In early August this year (2023)CNTA collaborated with the Anthropological Society of Western Australia (ASWA) to run a one day workshop at St Catherine’s College titled

Creating the Archive, Reading the Archive, Reproducing the Archive: A symposium on documents, their production and their use in Heritage, Native Title, and Community Development.

This was the first post-covid event and was well attended with 32 ASWA and non-ASWA people attending, plus presenters. Collaborations are key to us offering relevant and stimulating material for our members, enabling us to grow our memberships.

The attendance of two CNTA directors helped to give the event further gravitas, given we are all so far from the east coast with the rising costs of travel limiting our involvement in east coast events..

Themes discussed included:

  • Methodological issues in qualitative heritage surveys.
  • Cultural change and customary traditions in heritage assessments.
  • Use of documents in the context of orally inherited traditional knowledge.
  • Practitioners’ circumstances dealing with Indigenous politics among groups and individuals.
  • The need to deal with Archives, including the Aboriginal Cultural Heritage Inquiry System as a socially produced artefact with similar strengths and weaknesses as other archives. The contents of the ACHIS needs to be critically assessed.

These themes allowed for thought provoking presentations and discussion around heritage, native title and broader research issues (including Aboriginal stolen wages). From ASWA’s perspective, those attending appeared to really enjoy the collegial and warm atmosphere. Since anthropologists often spend time on our own, it was great to see everyone share their experiences and work.

ASWA-CNTA Symposium:

Creating the Archive, Reading the Archive, Reproducing the Archive: A symposium on documents, their production and their use in Heritage, Native Title, and Community Development.

Documents have been part of the human story since the invention of writing and are ubiquitous in modern societies in hard copy and/or digital form often encompassing the minutiae of people’s lives and their encounters with social agencies. This is particularly true of indigenous peoples whose lives in the past have been tightly controlled. Official documents are regularly used in social research, though as Garfinkel (1965) and other researchers highlight, are not without inherent problems. Anthropologists, folklorists and others have historically documented oral traditions from societies without written records and currently engage with changes and adaptations in those societies that arise in part through engagement with archival resources. Ethnographers regularly produce fieldnotes and other “texts of the field”, which in turn are essential sources for other researchers, particularly in native title settings.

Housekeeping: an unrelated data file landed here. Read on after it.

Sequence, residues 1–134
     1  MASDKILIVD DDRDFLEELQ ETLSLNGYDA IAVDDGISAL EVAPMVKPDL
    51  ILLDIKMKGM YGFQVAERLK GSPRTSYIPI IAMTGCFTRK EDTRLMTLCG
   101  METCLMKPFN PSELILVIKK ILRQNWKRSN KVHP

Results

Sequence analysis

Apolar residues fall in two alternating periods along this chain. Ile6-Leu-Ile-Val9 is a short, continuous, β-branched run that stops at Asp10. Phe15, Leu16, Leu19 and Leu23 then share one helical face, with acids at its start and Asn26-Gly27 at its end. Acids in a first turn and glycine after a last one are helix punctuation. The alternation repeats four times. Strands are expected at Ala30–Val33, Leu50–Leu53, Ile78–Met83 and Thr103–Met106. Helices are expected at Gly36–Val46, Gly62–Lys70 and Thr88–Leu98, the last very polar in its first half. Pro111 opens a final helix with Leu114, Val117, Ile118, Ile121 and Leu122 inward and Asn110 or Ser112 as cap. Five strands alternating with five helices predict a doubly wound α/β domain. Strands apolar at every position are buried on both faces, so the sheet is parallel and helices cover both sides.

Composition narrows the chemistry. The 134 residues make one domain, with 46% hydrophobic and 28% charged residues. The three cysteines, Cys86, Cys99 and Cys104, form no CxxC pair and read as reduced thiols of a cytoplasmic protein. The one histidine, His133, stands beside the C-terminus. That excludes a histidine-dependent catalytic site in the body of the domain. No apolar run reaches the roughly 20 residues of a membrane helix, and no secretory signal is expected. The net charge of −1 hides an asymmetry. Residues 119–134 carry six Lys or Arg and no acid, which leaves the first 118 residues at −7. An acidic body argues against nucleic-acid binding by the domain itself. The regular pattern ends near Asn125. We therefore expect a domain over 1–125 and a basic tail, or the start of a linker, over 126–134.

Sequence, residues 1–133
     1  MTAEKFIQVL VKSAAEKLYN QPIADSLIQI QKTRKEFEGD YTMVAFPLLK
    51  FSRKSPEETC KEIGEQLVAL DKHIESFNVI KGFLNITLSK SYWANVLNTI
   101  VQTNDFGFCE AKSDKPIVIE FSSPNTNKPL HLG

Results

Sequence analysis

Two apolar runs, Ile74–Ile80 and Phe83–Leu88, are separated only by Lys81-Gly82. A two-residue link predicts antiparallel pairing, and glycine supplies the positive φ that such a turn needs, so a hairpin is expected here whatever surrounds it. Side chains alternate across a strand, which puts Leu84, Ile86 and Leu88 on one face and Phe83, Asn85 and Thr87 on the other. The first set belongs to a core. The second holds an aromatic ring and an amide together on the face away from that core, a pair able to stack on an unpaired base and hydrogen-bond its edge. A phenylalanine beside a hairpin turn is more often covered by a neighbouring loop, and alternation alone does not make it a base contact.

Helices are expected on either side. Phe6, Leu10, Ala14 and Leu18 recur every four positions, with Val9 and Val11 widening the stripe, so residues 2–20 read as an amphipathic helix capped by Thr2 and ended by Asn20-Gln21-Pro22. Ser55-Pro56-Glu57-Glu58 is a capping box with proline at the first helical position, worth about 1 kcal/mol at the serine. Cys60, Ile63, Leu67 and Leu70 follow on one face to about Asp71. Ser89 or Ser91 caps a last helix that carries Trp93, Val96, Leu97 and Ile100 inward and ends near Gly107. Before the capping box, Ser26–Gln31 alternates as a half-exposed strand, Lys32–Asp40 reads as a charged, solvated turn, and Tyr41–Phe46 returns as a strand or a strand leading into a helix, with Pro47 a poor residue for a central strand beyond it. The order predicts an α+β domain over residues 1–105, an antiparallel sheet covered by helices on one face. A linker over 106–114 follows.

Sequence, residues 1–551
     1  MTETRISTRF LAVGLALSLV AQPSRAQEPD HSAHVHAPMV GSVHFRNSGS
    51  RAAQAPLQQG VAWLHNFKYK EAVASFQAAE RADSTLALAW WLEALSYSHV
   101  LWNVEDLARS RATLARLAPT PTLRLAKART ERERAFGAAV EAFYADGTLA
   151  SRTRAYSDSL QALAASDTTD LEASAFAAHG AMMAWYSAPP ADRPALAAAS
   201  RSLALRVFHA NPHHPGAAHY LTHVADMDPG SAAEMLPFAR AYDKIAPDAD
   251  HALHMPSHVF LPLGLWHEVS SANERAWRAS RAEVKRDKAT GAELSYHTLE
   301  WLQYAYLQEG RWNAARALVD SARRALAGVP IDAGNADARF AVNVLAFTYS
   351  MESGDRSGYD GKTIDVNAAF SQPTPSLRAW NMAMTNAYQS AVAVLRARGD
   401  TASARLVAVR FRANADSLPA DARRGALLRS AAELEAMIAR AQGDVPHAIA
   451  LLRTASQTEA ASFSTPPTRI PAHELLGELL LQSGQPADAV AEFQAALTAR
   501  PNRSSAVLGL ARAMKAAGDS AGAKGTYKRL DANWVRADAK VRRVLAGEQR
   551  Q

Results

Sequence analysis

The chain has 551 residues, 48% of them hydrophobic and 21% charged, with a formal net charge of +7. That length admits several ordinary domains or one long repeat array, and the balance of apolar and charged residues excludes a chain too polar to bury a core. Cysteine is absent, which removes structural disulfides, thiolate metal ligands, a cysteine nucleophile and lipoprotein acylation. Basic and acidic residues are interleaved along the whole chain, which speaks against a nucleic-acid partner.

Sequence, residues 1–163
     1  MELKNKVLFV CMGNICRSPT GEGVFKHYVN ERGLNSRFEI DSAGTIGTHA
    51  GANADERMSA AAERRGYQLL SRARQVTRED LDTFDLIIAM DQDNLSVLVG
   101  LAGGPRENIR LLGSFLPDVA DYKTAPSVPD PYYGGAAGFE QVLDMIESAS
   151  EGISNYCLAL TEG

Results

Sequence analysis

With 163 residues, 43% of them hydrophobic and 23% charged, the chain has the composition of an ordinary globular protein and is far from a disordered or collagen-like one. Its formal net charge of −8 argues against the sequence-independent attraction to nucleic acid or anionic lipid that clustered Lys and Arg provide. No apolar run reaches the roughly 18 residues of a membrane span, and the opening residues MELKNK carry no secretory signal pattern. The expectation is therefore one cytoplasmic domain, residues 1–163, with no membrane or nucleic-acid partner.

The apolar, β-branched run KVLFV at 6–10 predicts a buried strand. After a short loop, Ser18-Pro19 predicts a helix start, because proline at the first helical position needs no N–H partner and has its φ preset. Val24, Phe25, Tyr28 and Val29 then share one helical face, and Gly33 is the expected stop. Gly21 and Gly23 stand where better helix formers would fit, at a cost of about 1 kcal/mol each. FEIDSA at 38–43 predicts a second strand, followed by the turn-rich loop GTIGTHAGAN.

However, reading fieldnotes and other “texts of the field”, is problematic as they always have a liminal multi-vocal quality while at the same time, as ethnographers such as Sanjek (1990) point out, are always fragmentary, incomplete, inconsistent and contradictory. Indigenous peoples are increasingly turning to State, ethnographic and other archives which often are the source of both revelatory information and emotional distress. Archives can potentially facilitate connection with ancestral lives and create healing narratives to redress traumatic pasts. Archives may also be weaponised in intra- and inter-community conflict. There is now an ongoing process to repatriate archives to indigenous communities.

In this symposium we seek to critically evaluate the creation of archives and their use in heritage, native title and other social research, as well as their use by indigenous and other people in connecting with the past and creating narratives for the present.